Date of Award

Spring 2021


MA - Economics


Jan Kregel, Ph.D.


The most widely used measurement of economies around the world is the gross domestic product (GDP). There has been much study and reasoning that has gone into the conceptual and statistical bases of this indicator and there are even international standards for how it should be calculated. The monetary valuation of goods and services has fabricated a relatively manageable way for us to sum up quantities of different nature and for calculating the economic progress of a nation. The GDP indicator is seen as being another way for measuring money in order to present economic performances and living standards, giving it an extremely important role in our societies. The GDP indicator is supposed to capture all final goods and services which are collectively consumed by households, firms, and a government within an economy. Therefore, this GDP indicator is observed by many as a way to capture all economic activity into a single number that gives an idea of how an economy is doing in a particular moment, and it is often treated as if it were also a measure of how well-off society is. But commingling the notion of economic progress with societal well-being can be misleading and can cause inappropriate and sometimes flawed policy decisions to be enacted. It is known that GDP does not measure every aspect of an economy. This is because GDP focuses mainly on the measurements of market production. An economy’s well-being is more complicated than simply measuring the monetary valuation of goods and services. Society is more complex and multi-dimensional. Meaning that there are aspects in our society that cannot be measured by merely placing prices on them. In that, there are goods and services which are not or cannot be measured in prices, or the consumption of various products and services can have effects on society in ways that differ from their consumption value. In addition to these issues, there are also the environmental aspects of production and consumption which are not captured in the GDP indicator or prices.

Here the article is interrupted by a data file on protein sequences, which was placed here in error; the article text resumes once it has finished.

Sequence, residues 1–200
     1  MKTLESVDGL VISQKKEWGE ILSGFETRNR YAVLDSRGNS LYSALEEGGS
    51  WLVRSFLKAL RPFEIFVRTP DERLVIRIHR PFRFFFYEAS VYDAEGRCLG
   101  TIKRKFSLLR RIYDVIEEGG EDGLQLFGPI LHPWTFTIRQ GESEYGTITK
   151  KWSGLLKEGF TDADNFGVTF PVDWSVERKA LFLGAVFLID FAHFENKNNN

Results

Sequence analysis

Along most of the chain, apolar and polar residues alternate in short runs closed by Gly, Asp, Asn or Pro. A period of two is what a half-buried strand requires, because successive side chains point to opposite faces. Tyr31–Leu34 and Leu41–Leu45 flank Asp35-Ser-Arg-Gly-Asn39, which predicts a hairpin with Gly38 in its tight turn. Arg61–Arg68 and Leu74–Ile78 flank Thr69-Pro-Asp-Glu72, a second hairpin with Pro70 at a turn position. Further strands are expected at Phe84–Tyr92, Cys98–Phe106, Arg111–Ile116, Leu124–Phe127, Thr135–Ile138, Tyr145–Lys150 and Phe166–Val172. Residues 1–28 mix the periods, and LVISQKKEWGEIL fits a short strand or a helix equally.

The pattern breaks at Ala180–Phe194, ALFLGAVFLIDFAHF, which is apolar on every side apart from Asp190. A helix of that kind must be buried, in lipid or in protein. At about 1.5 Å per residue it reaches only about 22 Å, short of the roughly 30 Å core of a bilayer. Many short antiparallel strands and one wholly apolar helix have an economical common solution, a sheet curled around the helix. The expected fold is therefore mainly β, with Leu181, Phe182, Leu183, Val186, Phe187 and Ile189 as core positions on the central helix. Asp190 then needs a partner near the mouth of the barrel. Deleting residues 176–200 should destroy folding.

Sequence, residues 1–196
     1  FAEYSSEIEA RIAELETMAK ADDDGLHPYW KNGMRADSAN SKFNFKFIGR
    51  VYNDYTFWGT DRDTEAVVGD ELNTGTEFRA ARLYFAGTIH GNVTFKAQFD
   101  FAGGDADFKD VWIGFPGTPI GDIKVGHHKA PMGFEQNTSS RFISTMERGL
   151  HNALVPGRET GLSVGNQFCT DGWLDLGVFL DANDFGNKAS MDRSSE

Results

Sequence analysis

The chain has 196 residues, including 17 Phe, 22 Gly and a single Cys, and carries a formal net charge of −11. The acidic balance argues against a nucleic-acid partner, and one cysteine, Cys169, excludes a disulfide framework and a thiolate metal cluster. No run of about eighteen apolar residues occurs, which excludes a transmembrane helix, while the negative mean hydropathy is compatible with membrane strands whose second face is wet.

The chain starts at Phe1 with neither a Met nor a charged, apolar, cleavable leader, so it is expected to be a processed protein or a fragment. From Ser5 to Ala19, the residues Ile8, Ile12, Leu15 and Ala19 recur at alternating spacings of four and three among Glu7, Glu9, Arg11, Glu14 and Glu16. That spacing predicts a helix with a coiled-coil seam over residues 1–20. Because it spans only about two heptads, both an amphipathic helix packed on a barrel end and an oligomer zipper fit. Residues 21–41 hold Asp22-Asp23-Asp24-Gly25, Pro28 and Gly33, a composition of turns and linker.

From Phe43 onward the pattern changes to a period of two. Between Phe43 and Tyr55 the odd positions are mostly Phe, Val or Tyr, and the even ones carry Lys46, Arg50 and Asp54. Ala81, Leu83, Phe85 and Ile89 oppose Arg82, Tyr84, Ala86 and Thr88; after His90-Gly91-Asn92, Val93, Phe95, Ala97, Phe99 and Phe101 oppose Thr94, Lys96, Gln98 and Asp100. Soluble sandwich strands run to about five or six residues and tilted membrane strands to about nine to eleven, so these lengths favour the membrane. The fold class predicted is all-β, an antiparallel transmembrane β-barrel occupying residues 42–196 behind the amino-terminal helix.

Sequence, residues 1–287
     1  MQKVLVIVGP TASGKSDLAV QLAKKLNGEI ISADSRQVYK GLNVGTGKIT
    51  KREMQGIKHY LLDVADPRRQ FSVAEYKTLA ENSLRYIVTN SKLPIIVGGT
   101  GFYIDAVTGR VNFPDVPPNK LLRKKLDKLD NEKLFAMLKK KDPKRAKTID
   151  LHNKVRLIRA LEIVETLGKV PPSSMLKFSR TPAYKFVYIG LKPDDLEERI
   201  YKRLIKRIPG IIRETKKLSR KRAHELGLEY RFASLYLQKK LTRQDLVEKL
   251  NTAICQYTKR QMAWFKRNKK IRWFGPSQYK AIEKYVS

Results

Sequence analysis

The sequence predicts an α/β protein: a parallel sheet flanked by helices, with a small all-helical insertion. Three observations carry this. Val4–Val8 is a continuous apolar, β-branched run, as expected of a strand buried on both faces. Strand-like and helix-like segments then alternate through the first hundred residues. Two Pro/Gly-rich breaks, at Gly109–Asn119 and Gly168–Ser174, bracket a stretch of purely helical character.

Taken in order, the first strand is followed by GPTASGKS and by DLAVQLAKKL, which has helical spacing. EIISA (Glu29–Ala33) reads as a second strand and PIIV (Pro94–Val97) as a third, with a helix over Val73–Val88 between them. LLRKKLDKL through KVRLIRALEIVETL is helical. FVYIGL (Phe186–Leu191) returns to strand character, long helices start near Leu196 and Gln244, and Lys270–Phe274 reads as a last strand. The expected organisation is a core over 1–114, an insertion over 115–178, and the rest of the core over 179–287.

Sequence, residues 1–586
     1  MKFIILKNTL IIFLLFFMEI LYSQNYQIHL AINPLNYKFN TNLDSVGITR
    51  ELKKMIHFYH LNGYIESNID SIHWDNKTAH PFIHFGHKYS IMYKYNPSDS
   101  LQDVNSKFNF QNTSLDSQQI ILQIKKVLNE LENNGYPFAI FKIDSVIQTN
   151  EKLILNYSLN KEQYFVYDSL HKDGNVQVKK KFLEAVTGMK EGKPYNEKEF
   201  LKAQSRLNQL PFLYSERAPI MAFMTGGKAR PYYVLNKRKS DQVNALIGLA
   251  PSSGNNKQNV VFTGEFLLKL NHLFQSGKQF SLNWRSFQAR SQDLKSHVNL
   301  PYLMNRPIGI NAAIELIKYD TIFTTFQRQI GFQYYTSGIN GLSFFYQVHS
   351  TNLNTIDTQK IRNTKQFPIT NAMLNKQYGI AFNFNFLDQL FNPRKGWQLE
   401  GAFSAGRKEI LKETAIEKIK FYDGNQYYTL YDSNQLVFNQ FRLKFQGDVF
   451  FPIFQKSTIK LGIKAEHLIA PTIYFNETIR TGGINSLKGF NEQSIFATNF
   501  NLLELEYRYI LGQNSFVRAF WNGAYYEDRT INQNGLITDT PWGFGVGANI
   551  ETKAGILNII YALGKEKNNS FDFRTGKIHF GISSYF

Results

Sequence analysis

The GDP indicator possesses deficiencies that limit it from being an indicator of well-being. In order to measure the well-being of the economy, there need to be multi-dimensional indicators that go beyond what GDP is providing. GDP should be one of the indicators for the measurement of well-being, but it should not be the sole or principal indicator. There need to be indicators that can measure the quality of health, education, infrastructure, civil society, equality, governance, environment, etc. along with GDP. This paper will briefly analyze GDP and various indicators that have been utilized to measure well-being around the world and attempt to recognize any possible application of well-being measurement within the national context.

Access Control

Open Access

Included in

Economics Commons